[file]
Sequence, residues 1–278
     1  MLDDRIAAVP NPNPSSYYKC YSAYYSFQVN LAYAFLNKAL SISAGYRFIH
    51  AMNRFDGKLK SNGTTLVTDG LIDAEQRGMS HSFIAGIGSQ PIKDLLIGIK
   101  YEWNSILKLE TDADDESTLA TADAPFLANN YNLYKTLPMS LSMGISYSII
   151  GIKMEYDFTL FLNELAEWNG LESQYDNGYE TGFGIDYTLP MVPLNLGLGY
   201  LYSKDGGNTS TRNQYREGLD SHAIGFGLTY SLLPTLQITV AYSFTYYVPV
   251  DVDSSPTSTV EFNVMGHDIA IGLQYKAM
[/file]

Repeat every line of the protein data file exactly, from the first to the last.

Sequence, residues 1–278
     1  MLDDRIAAVP NPNPSSYYKC YSAYYSFQVN LAYAFLNKAL SISAGYRFIH
    51  AMNRFDGKLK SNGTTLVTDG LIDAEQRGMS HSFIAGIGSQ PIKDLLIGIK
   101  YEWNSILKLE TDADDESTLA TADAPFLANN YNLYKTLPMS LSMGISYSII
   151  GIKMEYDFTL FLNELAEWNG LESQYDNGYE TGFGIDYTLP MVPLNLGLGY
   201  LYSKDGGNTS TRNQYREGLD SHAIGFGLTY SLLPTLQITV AYSFTYYVPV
   251  DVDSSPTSTV EFNVMGHDIA IGLQYKAM